Sermon Manuscripts

Here at the Center for Excellence in Preaching we strive to be very ecumenical in both the resources we offer and the audience in the wider Church that we seek to reach. But our Center is a part of Calvin Theological Seminary where—like any number of other seminaries—we have for many years been using Paul Scott Wilson’s The Four Pages of the Sermon as our homiletical teaching method.

Many of our alumni seek to utilize the deep structure and the “grammar” of Four Pages in their weekly preaching. But some of those same pastors have asked for help in the form of sample sermons that try to wield Wilson’s model well. The manuscripts labeled Four Pages: (sermon title) are demonstrations of this model of sermon-writing. There are also sample sermons for seasonal enrichment. These are labeled with the liturgical season and sermon title.

We hope these sermons are both instructive and inspirational!

Home » Sermons » Written Sermons

Easter: While It Was Still Dark

A few short days ago many of you attended a Tenebrae service. If you did, then you know that that service of shadows ends in darkness and silence. Liturgically that service is the deepest shade of purple that culminated the purple season of Lent.  This Easter morning, however, you came to church anticipating the color…

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Good Friday: Explaining (Without Explaining Away)

They should have seen it coming. That’s what a number of people said about the U.S. Intelligence community following the horror of September 11. The CIA, the FBI, our spies in other countries: no one saw the attack coming, but not a few critics think they should have. When something big happens, we want explanations,…

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Palm Sunday: A Flash in the Dark

Jesus’ entry into Jerusalem is like a flashbulb going off in a dark room.  Most of us know what that’s like.  You are sitting in the middle of a very dark room when suddenly, maybe as a prank, somebody pushes the test button on a camera’s flash.  Just before the flash, the room is so…

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Lent 4: Everything I Have

He had a point, you know.  The older brother: he had a point.  And if you don’t believe that, then maybe it will help to admit that it’s a point you and I have made in the past and it’s a point we are liable to make again in the future, too.  I’m not saying…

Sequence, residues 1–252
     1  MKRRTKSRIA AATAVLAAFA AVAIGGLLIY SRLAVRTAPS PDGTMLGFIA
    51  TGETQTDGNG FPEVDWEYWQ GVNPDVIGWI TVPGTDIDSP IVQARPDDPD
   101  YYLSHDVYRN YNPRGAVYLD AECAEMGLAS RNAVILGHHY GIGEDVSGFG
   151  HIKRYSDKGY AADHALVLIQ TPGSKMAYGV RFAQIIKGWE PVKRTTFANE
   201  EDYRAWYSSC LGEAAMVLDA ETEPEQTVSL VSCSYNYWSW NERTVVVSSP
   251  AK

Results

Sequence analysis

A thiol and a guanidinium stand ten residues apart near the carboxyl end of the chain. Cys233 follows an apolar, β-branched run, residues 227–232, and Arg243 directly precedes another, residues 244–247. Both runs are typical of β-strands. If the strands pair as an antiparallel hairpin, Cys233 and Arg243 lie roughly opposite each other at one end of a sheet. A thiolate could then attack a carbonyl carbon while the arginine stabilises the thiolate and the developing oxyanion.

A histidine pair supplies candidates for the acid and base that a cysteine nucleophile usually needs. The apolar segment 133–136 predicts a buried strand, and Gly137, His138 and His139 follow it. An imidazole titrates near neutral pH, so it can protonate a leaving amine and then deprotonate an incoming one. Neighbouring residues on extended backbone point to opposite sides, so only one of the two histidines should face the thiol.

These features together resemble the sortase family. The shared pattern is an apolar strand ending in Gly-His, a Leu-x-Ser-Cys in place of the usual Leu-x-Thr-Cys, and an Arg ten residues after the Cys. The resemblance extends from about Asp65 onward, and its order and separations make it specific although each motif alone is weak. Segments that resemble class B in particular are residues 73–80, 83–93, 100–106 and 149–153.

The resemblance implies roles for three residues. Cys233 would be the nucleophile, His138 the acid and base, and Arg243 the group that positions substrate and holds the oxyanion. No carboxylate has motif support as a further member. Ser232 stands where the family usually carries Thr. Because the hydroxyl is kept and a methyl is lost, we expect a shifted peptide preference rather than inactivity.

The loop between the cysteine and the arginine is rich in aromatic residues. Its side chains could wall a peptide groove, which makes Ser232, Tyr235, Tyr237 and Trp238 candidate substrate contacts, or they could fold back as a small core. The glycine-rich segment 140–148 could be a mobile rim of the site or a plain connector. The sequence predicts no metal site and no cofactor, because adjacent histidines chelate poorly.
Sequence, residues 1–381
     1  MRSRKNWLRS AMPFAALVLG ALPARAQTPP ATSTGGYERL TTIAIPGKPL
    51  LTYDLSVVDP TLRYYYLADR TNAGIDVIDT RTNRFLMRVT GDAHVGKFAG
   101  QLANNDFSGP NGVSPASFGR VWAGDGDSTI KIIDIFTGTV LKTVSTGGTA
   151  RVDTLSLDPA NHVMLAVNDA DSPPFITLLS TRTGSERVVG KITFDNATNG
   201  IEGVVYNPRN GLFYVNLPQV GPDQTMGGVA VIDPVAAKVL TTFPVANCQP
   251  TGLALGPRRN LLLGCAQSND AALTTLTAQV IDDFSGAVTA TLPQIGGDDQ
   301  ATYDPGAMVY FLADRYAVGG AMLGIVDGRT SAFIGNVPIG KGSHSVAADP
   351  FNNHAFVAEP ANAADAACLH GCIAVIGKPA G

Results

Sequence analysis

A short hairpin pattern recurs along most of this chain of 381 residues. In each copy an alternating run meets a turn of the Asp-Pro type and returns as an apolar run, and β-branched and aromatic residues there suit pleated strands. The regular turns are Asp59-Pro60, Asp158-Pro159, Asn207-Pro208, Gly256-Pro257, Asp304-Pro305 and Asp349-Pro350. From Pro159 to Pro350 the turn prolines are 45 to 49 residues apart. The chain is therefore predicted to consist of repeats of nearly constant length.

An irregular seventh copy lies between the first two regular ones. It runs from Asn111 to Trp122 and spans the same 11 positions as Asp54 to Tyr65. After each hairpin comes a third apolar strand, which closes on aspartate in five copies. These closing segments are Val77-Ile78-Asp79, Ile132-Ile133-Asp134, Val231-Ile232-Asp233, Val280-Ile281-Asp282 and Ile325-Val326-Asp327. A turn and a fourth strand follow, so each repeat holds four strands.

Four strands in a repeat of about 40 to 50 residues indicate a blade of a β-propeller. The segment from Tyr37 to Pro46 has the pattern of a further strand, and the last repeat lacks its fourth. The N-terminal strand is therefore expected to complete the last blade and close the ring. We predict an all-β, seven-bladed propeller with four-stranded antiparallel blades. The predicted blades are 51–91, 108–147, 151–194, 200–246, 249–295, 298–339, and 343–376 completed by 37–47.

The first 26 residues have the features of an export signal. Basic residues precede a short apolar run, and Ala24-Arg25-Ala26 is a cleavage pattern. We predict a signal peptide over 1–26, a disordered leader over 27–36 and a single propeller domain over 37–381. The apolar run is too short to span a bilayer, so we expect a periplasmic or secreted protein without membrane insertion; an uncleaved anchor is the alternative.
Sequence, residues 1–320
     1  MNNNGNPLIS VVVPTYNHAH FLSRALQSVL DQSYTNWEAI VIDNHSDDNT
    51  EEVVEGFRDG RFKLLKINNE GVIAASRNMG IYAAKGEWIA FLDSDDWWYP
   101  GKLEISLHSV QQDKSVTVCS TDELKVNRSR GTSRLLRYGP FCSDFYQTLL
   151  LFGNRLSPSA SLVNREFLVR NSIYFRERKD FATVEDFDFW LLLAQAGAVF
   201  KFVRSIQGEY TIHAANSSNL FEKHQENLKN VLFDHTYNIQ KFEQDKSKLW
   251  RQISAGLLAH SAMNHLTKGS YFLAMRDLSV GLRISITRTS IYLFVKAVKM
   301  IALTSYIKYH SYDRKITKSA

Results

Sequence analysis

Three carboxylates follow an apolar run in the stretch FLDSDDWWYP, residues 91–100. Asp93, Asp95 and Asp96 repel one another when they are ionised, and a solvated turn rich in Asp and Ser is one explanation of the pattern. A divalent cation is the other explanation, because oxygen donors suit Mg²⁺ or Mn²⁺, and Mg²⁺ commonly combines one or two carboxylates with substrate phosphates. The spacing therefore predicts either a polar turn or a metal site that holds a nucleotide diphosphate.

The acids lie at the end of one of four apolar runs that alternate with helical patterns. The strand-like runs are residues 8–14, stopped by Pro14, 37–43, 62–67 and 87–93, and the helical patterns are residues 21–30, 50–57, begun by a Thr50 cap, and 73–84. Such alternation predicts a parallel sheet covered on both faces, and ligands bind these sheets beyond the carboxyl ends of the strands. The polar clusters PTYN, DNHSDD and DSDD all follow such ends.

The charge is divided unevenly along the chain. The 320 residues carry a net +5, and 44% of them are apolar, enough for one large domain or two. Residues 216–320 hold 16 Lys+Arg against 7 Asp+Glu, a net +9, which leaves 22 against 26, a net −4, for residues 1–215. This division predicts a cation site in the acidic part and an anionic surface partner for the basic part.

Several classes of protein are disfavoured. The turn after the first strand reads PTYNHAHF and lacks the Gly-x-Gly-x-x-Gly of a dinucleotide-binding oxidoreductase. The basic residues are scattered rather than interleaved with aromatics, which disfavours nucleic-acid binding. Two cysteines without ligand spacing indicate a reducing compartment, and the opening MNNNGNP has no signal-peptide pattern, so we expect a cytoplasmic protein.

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Lent 2: Christ the Hen

When I was a kid in the early 1970s, Saturday night meant watching my favorite TV show, Emergency!  I loved that show about two brave paramedics from Squad 51 of the Los Angeles Fire Department.  When Johnny and Roy were in danger, my pulse raced.  Thanks to my father, who was a real-life volunteer fireman…

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Advent 1: God’s Hopeful Story

This is a season of the year in which many of us find ourselves teetering between nostalgia and cynicism. We feel the tug of Christmas past. At the grocery store the other day I was encouraged by the muzak to “have myself merry little Christmas”, but the only way to do that, the song said,…

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Advent 3: Real Repentance

Homiletics is the theological term for the study and craft of sermon making. Seminarians take a couple of courses on homiletics of course, and there are lots of books on homiletics written for the guidance of preachers. Nowadays, there’s a lot of emphasis on the introductions of sermons. The theory is that the modern audience…

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Advent 4: Pregnant

Last May, Jeanne and I toured Turkey. One of the highlights was our visit to Ephesus. Ephesus, the biblical city, is now magnificent ruins, in fact probably the greatest ruins in the whole Middle East. We were staying at our hotel in the Aegean resort city of Kushadasi, a boisterous, glitzy place. The ruins of…

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My youngest child Anton was born early one November morning. It was not an easy birth. We didn’t know it at the time, but his mother Judy was already experiencing the first symptoms of MS from which she later died, when Anton was 18. She was exhausted. I let her sleep for a couple of…

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